They made their way to a refugee camp in northern Syria, where conditions are at crisis point. More than 40,000 people arrived at al-Hawl as the final assault took place. Unprepared for the enormous influx of women and children, there is a disastrous lack of medical care and food, as supplies from aid agencies are delayed by lack of security on the road.
Within camps, the situation for families is dire. Families of ISIS fighters have been shunned by communities as tribal law stigmatizes extremist links, even if the family members themselves did not support the group. They have found it difficult to get registered in camps like the one at al-Hawl, Syria. Their ability to work, feed, and care for their children is restricted.
Complicating this situation, there are reports of female ISIS members recreating the harsh rules of the caliphate among their communities, adding to suspicions of ISIS sleeper cells inside the displacement camps.
As resources are stretched painfully thin, as much of the world moves on from Iraq and Syria, and as community divisions continue to make difficult circumstances more complex, it is the children who suffer the most. In addition to the scarcity of food and medical care, large numbers of children are being taken away by government authorities and tortured for information and imprisoned, whether or not they have had anything to do with their jihadist fathers or extremist ideology.
Traumatized by war and the subsequent treatment at the hands of authorities, these children badly need programs to help them process what they have been through, discard the ideology they were brainwashed with, and reintegrate them into the communities they must now live in.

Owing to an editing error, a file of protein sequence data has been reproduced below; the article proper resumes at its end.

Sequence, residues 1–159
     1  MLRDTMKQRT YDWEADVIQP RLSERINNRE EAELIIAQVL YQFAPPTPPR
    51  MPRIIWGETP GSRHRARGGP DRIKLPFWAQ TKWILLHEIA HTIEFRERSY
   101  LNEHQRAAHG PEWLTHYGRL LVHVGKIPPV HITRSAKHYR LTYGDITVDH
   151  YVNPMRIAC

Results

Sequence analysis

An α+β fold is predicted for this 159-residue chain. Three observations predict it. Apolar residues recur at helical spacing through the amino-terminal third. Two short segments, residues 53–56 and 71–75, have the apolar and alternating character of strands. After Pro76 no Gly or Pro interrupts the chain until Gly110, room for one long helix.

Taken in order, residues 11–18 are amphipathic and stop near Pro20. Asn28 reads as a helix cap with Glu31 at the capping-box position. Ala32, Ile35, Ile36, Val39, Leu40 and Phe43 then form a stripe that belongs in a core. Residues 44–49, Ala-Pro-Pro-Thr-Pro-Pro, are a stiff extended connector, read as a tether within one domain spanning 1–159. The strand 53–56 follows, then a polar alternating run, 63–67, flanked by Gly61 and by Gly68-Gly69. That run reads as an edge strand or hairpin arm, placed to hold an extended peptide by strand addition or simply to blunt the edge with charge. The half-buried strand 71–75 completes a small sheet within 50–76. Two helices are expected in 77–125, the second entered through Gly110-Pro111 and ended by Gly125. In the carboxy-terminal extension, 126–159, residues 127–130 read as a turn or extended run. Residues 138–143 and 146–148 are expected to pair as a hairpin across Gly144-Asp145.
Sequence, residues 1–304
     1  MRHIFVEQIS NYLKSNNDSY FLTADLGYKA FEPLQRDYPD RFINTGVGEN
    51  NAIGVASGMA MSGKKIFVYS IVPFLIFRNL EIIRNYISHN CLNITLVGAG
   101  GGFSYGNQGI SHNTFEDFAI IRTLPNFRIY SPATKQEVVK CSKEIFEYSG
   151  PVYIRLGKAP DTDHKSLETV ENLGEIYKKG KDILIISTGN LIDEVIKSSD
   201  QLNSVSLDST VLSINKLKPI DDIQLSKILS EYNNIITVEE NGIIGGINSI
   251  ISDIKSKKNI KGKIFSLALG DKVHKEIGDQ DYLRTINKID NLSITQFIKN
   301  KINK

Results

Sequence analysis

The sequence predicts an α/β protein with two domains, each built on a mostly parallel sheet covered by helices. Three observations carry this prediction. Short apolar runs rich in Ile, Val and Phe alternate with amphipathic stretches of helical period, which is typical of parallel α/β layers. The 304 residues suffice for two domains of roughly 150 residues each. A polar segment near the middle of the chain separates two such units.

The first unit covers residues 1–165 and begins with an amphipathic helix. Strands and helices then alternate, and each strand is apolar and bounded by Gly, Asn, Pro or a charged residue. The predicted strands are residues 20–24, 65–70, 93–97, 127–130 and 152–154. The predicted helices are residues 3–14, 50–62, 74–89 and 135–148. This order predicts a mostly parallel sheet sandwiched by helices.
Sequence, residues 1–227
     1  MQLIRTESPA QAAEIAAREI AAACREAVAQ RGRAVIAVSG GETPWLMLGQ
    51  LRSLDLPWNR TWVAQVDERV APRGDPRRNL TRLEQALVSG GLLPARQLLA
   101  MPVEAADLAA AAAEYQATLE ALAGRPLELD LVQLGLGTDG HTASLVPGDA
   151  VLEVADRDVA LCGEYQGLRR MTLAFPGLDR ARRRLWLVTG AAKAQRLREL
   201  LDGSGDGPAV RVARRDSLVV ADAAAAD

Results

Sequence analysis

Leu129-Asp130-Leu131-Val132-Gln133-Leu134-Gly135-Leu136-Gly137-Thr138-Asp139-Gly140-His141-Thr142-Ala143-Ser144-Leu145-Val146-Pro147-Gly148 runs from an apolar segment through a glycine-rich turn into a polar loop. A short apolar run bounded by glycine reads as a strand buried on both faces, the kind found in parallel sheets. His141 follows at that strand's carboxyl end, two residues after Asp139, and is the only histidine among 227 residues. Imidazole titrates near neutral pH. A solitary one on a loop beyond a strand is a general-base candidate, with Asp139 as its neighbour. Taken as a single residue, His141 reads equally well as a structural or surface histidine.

For any child, having access to education is key to changing their life, giving them better options than poverty or war. For children of ISIS fighters, their education and care is vital to preventing the next war.
Community or caliphate?
It’s hard enough trying to rebuild home when war has taken everything from you. It’s harder still being a woman trying to provide for your family when your options are limited because of your gender. Or when you’re a child who lost family and home to violence, growing up without the stability that is the basis of a successful and happy life.
For the children of ISIS fighters, all of this is topped by the stigma of being the child of parents that the community considers evil.
In this region, community is everything. Without family and social links that define so much of life in the Middle East, children grow up isolated and vulnerable to exploitation and radicalization—the very circumstances that seeded so much of ISIS’s growth.
An entire generation of young people in Iraq have grown up knowing nothing but war. They have never known what it is like to have peace. For them, the end of the caliphate is just another event in a cycle of violence that even now, is continuing without pause.
If you were born 1962 in #Iraq.
You would have witnessed the Iraq-Iran War when you were 18
The 1st gulf war at 29.
Sanctions for 12 years.
The 2nd gulf war at 41.
ISIS when you were 44
If you still can function by now mentally and physically.
You deserve a Nobel prize.
— Faisal Al Mutar (@faisalalmutar) April 8, 2019
We’re staying in Iraq and Syria to help our friends to rebuild. Because the work is not done, and you understand that too well. You know that one military win is not a victory for the millions of people who have been scarred by terror, and are at risk of more.
Only when their homes are remade and peace is restored, will we all be able to say that evil is defeated. Together we can help our brothers and sisters in Iraq and Syria rebuild.